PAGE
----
“Mum, ah want a Cheesestring.”
“Eh, wit’s the magic word?” Chantelle barks at her daughter.
Chloe looks at her mum with the kind of disdain only a hungry, petulant pre-teen can muster and says:
“Aye. Disnae matter anyway, we cannae afford cheese noo. Ye know that. We’ve no hud cheese in months.”
“Why’d ye ask me fur the magic word if ye don’t even huv any cheese? FUCK SAKE!”
“RIGHT, HEN, THAT’S ENOUGH AE YOUR FUCKIN’ CHEEK! AM CHOKIN’ FUR A CHEESESTRING AS WELL, YE DON’T SEE ME CAUSIN’ SCENES FUR NO REASON!”
Chantelle pauses, wondering if she’s been too harsh on her daughter. She watches over her shoulder as the girl turns and begins disappearing huffily up the stairs behind her then adds:
Chloe stops, summoning a giant glob of spit from the depths of her dry throat. It takes a lot of effort: they’ve not had running water in weeks and there’s been no point in drinking Irn-Bru since the sugar tax kicked in.
She feels it climbing her throat like lava through a volcano, bubbling up to her lips in a froth of rage. Then she leans over the bannister, grinning at the shrill screams as it falls right onto the back of her mum’s neck.
🇬🇧 🇬🇧 🇬🇧 🇬🇧 🇬🇧
On the other side of Glasgow, Beatrice sighs as her eyes slide over the pathetic coven of vegetables huddled around a stock cube on her marble kitchen counter. Some knobbly potatoes, a few pallid carrots, two wizened onions, and a comically small turnip. It’s all she has left, and none of it is organic. Disgusting!
She turns on the tap. It spits spurts of cloudy water at the sink’s surface and Beatrice shudders as she scrubs dirt from the mottled potatoes. She sets them aside, picks up a knife, and begins relieving the tragic carrots of their ashen skins with graceful movements of her wrist.
“Mummy? What’s for tea, Mummy?” comes Harry’s plummy voice from the top of the plush staircase.
“Veggie soup, sweetheart!” comes the reply.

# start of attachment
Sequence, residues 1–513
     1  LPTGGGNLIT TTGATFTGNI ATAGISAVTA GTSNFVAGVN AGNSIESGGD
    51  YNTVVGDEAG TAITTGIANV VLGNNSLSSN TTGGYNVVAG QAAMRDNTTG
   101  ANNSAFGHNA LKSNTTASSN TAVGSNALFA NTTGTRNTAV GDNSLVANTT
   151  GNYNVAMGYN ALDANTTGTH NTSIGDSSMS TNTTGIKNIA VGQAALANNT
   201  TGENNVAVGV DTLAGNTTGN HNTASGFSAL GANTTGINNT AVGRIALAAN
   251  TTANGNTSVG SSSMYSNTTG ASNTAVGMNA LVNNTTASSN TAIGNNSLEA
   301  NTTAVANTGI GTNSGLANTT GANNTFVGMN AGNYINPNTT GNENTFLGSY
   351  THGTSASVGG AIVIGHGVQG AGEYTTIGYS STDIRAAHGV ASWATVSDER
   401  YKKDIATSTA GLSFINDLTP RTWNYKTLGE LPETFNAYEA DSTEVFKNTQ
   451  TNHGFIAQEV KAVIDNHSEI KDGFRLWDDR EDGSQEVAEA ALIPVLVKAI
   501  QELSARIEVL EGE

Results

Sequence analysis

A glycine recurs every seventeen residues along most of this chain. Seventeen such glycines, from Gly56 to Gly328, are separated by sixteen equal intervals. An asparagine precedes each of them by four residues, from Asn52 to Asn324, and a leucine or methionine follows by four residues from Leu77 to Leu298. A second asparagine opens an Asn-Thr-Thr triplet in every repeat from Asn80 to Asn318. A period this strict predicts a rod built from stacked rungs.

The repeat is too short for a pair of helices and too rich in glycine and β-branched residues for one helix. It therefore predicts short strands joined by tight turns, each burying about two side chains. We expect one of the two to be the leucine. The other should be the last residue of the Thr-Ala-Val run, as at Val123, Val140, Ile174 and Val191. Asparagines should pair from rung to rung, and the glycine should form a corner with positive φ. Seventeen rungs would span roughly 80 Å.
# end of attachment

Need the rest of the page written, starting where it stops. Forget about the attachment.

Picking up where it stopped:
“Oh, not again, Mummy!” whines Harry.
Her son appears in the doorway of the kitchen. Beatrice smiles wearily at him, halves an onion, and discards the newspaper-like skin.
The onion turns into little rectangles on the chopping board under her blade and her eyes begin to burn. Tipping the onions into a steaming pot with the potatoes and the carrots, she moves the turnip closer.
“Mummy,” says Harry imploringly.
“What is it, honey-pie?”
“I don’t want veggie soup.”
“I know, darling. Nor do I. But we’ll just have to make do for now until we can get something else.”
“But Mummy, I can’t eat it again. I just can’t. I hate it!”
Beatrice places the knife calmly in the sink and lets the turnip, half-peeled, drop onto the immaculate floor.
“Well, pumpkin. We’re stuck in Bearsden eating veggie soup for the foreseeable future. Did your teacher at that school we paid ten grand a year for you to go to ever tell you what ‘foreseeable’ means?”
Harry shakes his head.
“Of course she didn’t — she was too busy getting pumped by your dad. And now they’ve fucked off to our retirement villa in Valencia. So, we’re both stranded here. And we both need to eat veggie soup. At this point, angel face, we don’t have any other choice.”
“SO GET THAT TURNIP DOWN YOUR THROAT, YOU UNGRATEFUL LITTLE CUNT.”
🇬🇧 🇬🇧 🇬🇧 🇬🇧 🇬🇧
Brexit has not been kind to Scotland.
The good people of Yoker have been eaten by the good people of Possil, who were smoked and barbecued by the good people of Shawlands, who were slow-cooked and smothered in artisanal sauces by the good people of the West End. And all because nobody could afford Cheesestrings or organic vegetables anymore.
From television mounts on peeling walls, Theresa May gazes blankly through the screen into lifeless living rooms across the country and says weakly:
“Brexit means Brexit.”